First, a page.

Miller and D. Wynne Thorne carbonate ion on chlorosis-susceptible plants further suggests that the principal bicarbonate effect may be on iron enzyme systems and that copper systems would be affected to a much lesser degree.

Carbon Dioxide, Alkalinity and pH Reading: Libes, Chap pp. Seawater pH – T and P Effects For temperatures T 1 and T 2: pH T2 = pH T1 + (T 2 – T 1) Increased P causes pH to attributed to the uptake of anthropogenic carbon between and Sabine et al.

• High values at equator (esp. in the Pacific) and. NON-METABOLIC UPTAKE OF IONS BY BARLEY ROOTS1 LOUIS JACOBSON, RAYMOND J. HANNAPEL AND DAVID P.

MOORE DEPARTMENT OF SOILS AND PLANT NUTRITION, COLLEGE OF AGRICULTURE, UNIVERSITY OF CALIFORNIA, BERKELEY, CALIFORNIA In dealing with the mechanism of absorption, a major concern is the amount and behavior of the nonmetabolic uptake.

The effect of pH and Ca2+ on net NO3- uptake, influx, and efflux by intact roots of barley (Hordeum vulgare L.) seedlings was studied.

Seedlings were induced with NO3- or NO Net NO3- uptake and efflux, respectively, were determined by following its depletion from, and accumulation in, Cited by: Interactions of pH, Carbon Dioxide, Alkalinity and Hardness in Fish Ponds William A.

Wurts and Robert M. Durborow* Water quality in fish ponds is af-fected by the interactions of sev-eral chemical components. Carbon dioxide, pH, alkalinity and hard-ness are interrelated and can have profound effects on pond produc-tivity, the level of stress File Size: 73KB.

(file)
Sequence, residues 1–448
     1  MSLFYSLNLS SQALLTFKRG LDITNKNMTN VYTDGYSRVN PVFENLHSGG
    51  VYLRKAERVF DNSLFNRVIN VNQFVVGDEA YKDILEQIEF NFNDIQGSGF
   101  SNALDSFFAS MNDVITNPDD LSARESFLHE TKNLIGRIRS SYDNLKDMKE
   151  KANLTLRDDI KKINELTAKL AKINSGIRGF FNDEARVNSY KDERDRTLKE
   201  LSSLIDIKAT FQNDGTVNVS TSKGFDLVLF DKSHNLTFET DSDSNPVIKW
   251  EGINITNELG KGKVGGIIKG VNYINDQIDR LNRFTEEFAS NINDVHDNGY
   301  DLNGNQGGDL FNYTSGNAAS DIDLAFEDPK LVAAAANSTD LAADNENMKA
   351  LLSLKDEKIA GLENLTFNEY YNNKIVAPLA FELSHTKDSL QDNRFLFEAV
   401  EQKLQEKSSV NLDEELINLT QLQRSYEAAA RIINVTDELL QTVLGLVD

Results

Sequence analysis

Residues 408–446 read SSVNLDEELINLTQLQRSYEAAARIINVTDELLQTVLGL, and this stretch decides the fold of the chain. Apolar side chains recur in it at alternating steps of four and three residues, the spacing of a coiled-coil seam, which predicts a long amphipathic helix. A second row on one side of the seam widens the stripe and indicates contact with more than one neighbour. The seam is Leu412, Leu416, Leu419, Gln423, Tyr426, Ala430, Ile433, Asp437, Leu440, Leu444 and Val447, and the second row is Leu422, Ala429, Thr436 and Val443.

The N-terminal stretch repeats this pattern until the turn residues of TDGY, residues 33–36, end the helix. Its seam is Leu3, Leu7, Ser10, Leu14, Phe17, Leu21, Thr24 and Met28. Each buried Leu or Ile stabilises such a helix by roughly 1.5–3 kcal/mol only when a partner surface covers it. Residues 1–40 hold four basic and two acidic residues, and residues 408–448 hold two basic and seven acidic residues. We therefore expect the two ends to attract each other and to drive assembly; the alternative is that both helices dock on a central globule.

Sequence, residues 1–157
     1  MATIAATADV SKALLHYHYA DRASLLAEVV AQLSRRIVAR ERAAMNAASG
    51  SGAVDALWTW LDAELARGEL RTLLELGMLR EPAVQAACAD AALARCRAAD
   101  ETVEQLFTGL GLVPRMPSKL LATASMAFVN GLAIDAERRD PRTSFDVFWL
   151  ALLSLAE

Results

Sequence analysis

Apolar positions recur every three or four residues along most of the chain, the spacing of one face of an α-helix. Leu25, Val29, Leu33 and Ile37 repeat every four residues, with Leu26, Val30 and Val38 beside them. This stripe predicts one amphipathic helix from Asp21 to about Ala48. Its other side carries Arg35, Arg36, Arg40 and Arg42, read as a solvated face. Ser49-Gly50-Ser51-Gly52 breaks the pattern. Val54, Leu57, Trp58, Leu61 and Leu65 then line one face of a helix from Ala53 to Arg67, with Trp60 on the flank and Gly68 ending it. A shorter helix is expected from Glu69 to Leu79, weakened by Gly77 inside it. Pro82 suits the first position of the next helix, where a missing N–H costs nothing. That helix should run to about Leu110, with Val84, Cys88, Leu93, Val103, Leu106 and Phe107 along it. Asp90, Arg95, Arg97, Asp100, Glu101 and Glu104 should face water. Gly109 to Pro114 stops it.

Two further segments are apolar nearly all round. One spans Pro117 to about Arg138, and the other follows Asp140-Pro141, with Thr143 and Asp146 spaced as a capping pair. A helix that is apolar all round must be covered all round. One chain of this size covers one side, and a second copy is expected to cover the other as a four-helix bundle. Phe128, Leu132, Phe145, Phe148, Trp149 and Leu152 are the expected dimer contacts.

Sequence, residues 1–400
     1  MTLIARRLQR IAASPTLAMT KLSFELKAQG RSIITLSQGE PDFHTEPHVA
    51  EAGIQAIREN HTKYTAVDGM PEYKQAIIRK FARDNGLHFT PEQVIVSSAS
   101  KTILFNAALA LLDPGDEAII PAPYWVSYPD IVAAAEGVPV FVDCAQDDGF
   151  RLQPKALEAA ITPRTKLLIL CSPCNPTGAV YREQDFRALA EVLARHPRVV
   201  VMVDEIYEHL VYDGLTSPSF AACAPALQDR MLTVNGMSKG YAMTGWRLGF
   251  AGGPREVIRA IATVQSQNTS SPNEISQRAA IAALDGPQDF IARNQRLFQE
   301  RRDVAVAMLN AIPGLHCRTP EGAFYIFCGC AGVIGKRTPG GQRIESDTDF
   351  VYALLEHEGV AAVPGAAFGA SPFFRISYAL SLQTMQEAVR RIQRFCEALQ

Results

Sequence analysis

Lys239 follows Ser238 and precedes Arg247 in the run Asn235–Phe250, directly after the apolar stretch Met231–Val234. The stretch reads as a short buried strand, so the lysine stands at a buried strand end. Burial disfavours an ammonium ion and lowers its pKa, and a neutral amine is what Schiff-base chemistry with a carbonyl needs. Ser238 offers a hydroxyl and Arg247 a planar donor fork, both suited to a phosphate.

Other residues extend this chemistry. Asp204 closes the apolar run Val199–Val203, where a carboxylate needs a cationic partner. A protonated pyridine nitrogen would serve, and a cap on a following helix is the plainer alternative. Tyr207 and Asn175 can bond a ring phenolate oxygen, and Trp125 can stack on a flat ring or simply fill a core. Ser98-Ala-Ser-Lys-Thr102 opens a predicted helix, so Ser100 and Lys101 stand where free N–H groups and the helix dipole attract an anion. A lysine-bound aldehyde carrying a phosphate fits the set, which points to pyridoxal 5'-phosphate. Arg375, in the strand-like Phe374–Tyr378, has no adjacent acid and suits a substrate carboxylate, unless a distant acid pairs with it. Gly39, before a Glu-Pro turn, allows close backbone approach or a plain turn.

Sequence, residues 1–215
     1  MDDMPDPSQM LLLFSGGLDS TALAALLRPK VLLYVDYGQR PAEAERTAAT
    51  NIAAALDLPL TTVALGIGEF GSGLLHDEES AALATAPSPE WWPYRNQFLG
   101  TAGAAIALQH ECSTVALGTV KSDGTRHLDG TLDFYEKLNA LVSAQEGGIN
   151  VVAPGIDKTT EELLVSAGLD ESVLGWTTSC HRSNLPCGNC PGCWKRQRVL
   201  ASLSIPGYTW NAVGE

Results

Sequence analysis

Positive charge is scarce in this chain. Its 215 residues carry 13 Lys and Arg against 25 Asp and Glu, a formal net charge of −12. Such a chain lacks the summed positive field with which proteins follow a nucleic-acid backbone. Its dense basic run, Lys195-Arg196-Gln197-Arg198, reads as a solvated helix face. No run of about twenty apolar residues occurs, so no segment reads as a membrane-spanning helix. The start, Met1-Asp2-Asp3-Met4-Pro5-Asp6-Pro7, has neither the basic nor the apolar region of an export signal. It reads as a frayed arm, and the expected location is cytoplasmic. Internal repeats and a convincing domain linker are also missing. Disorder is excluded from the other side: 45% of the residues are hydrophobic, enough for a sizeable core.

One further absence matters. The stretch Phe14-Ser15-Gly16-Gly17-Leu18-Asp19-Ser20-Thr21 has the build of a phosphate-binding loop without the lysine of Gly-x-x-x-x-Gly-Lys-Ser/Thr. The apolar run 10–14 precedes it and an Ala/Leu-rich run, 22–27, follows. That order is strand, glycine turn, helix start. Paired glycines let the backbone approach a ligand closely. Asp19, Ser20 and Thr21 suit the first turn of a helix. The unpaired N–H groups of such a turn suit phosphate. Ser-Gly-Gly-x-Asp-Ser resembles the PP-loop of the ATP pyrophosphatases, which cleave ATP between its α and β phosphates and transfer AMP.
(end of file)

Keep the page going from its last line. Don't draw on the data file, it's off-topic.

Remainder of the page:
Introduction. Many efforts have been made in the past to understand the water balance of plants in terms of a regulation of transpiration, i.e. of how stomatal conductance would be affected by water status, light intensity, nutrition, and other factors and how this would change under stress conditions such as during deficits in water supply (Cowan, ; Schulze, ; Kramer and Boyer, Cited by: Effects of powdery mildew disease on uptake and metabolism of nitrogen by roots of infected barley D.

\VALTERS and P. AYRES Department ofBiological Sciences, University of Lancaster, Lancaster LA1 4TQ, U.K. (Aucptedfor publication Junc ) A study was made of the effects of powdery mildew disease on the uptake and metabolism of nitrogen by roots of barley plants grown and infected in Cited by: Effect of changes in the pH and carbon dioxide evolution rate on the measured respiratory quotient of fermentations.

Patrick N. Royce. The total concentration of dissolved carbon dioxide in fermentation broths is one to two orders of magnitude greater than that of oxygen for pH > The rate of change in this total concentration can be Cited by: Abstract.